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The Austrian economist Friedrich von Hayek is stubbornly attempting to discredit economic regulation claiming that is too complex to try to organize it. His theory of the "Minimum State" was widely spread and praised through the Republican Party in America. The minimum state is an a theory to escape the middle class that controls the democratic process with its main objective to obtain a redistribution of wealth through public treasury. The theory developed by Hayek is based on belief that is shared through all liberals.
Hayek crossed paths with his biggest rival, Keynes. Keynes promoted the idea that the government can actively and respectfully manage the economy. On the contrasting side, Hayek believed that the economy was far too complicated and that there were many sources that influenced the economy. Most economists and policy makers stood behind Keynes' theory. After being in the shadows briefly, Hayek moved to University of Chicago where he published his second piece of writing known as The Constitution of Liberty. Continuing to work, he published two more books, "Law, Legislation, and Liberty" and "The Fatal Conceit". In 1974, Hayek won the nobel prize in economics after refusing to support Keynes' theories. In 1991 the collapse of the Soviet Union occurred, backing up the theory that central planning by the government can not work.
Keynes and Hayek both had different theories recovering from a post-boom crash. Keynes believed that the government had to step in and help, which Hayek also believed in. On the other hand, Hayek did not think that the help from the government would be enough and wanted more. Hayek was not an individual who wanted to "liquidate stocks, liquidate labour and liquidate farmers". Quantitative easing did not necessarily help in the 2008 financial crisis. The bank holders held a large sum of the money provided to the country by the government. Now, those businesses have a lot of money and watch other small start-up companies go bankrupt. The Keynesian Theory provided a safe solution to the problem. Hayek and his followers said multiple times, the only way to have no pain is to avoid the boom itself.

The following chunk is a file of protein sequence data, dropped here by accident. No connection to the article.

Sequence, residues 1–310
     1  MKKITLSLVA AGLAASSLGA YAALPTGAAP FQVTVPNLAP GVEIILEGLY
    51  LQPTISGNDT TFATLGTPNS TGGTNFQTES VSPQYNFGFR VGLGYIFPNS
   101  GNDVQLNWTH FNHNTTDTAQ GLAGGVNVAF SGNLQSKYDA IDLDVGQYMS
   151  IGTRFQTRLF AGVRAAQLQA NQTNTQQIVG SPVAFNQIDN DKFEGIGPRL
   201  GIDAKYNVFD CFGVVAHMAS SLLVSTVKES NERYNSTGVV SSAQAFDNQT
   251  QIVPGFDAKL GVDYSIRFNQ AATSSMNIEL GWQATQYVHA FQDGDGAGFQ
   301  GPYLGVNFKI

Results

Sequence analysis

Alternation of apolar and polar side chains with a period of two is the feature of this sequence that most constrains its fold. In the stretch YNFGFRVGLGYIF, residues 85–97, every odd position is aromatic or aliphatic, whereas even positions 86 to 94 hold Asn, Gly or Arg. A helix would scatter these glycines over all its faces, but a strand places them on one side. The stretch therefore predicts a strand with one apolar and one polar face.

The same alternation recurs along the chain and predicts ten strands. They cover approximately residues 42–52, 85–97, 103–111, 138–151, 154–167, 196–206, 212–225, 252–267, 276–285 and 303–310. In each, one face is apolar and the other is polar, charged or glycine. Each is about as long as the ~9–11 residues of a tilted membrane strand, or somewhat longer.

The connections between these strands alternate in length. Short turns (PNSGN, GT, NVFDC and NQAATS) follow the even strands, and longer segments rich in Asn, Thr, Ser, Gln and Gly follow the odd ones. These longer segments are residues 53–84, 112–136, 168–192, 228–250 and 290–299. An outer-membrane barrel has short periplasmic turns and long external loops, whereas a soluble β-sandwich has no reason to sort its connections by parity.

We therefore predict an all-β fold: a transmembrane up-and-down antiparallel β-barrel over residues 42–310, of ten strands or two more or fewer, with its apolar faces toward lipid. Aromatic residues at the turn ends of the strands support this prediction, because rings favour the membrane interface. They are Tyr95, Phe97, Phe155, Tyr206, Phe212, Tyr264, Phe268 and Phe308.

Hayek was known to be a great economist, ranging in ideas and theories. Most of Hayek's work through the 1930's and 1940's was focused on the business cycle, capital theory and monetary theory. He saw a connection and argued that the main problem for any economy is the way people's actions are coordinated. Adam Smith, another economist had also noticed that the price system did a great job by coordinating people's actions. Hayek also stated that the market had slowly developed through human actions. A question that Hayek had was what caused the money market to fail? He said one of the causes was the increase of the money supply by the central bank. Increases like that, would cause the interest rate to fall making credit "artificially cheap". In 1944, Hayek viewed socialism from a completely different perspective. He lived in Austria, which is close to Germany, letting him observe how they functioned. After he moved to Britain, he would see some British socialists advocate the same policies that were advocated in Germany. He wrote the "Road to Serfdom" to warn his fellow British citizens about the dangers that socialism brings. His basic argument was "Economic control is not merely control of a sector of human life which can be separated from the rest,” he wrote, “it is the control of the means for all our ends.”